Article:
EMBODIED STITCH - Cross cultural hand stitching

Embodied stitch is my process and the first of my 6 week courses.

Over the last five years I had developed a series of processes that stem from cultural indigenous ways of working. This cross cultural fusion is important to me as I have a direct resonnance with each process.

I started useing Kwandi as a construction prosses within both utilitarian and Fine Art making when I  discovered the the African Indian tribes and their extrodinary hand sewn quilts. Both the  Siddis and the Habshis are tribes in India that are descendants from slaves that were taken  from Central and East Africa by both Arab and Portuguese traders.

It is believed, that they were taken to Goa, from East Africa, firstly by the Arabs and then by the Portuguese to be slaves and soldiers. On release or escape they moved inland to the remote areas of Western Indian mountainous regions of Karnataka and Madarashtra, where they live today.

There are differing accounts as to when they arrived in India, but it is not disputed that due to the trade wind routes they were brought over at  different times, probably between 300 and 500 years ago, however some accounts date their first arrival as early as 700AD when the Arabs launched their first Muslim conquest under Mohamed Bin Qasim.

They are often referred to as the African Indians, however the Indian Government has declared them as recognized tribes of India. 

Having been born and brought up in Kenya and having researched the textile development and patterns from the Portugese trade wind routes; I can see a definate correlation between the Portugese Lencos, through Kanga development and on to the Kwandis and Godharis ( The Indian African Quilts)

The quilts are made in a completly different way to traditional Western methods and techniques. The quilt is constructed with the two or three layers being stitched all together, at the same time, as with Indian Kantha stitching.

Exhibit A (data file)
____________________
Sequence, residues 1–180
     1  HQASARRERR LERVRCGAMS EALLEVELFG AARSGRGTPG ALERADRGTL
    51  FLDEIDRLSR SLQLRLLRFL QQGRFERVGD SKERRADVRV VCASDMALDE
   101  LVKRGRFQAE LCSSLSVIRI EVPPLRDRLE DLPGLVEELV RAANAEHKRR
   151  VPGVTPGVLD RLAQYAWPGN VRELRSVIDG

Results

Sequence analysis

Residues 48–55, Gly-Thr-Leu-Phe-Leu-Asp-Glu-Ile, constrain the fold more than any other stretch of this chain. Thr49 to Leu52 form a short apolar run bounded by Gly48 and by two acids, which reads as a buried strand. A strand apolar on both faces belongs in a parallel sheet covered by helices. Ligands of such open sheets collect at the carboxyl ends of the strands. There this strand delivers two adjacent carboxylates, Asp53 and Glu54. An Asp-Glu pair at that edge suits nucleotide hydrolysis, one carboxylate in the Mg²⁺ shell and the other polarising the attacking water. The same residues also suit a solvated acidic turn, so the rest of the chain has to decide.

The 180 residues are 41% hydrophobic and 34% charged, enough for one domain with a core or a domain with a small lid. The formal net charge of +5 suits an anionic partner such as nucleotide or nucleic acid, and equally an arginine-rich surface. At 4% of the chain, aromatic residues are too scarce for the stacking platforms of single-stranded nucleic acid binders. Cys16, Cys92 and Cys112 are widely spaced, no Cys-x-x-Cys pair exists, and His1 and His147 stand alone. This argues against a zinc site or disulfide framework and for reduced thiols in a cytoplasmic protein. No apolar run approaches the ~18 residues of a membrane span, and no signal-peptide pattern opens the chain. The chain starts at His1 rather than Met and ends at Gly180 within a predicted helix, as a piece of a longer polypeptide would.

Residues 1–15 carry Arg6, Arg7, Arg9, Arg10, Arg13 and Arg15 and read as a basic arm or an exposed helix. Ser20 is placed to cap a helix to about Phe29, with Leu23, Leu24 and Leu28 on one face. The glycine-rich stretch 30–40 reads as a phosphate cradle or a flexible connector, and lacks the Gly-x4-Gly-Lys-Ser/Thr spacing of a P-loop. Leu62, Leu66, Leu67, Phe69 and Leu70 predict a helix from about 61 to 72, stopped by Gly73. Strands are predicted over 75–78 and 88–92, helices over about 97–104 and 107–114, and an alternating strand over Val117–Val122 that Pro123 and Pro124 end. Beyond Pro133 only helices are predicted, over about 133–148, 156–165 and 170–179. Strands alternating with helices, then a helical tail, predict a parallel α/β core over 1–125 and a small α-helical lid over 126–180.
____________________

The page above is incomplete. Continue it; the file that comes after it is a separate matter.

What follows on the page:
This enables the piece to be constructed and decorated at the same time. This means that the stitching is seen on the back. The other major difference is that the piecework is placed and constructed from the outside moving into the centre.

In Japanese Boro Boro means something tattered and old and refers to clothing, bedding and other utilitarian  textiles. It  was practiced in a remote area of Japan’s North Island where the winters were extremely harsh.

It is believed that this process developed in the late 1800’s and was used through the generations right up to the later years of the 1900’s. The traditional textiles used, coupled with reuse, upcycling  and repair over repair; enable us to follow an aesthetic that is having a resurgence and  relevance today within the  sustainable practice of visible mending.

Boro follows many Budhist and Japanese philosophies including Wabi Sabi.  Essentially it means “ imperfection, impermanence and the acceptance of these things as simple beauty”

“Wabi” translates as “ the elegance and beauty of simplicity” “Sabi translates as “ time passing and therefore deterioration “Textiles are impermanent, whilst they can last for many years, they will eventually deteriorate. However this does not mean that we throw them away, rather in repairing emphasise the repair the emphasis is on enhancing and making as aesthetically pleaseing the repair as possible.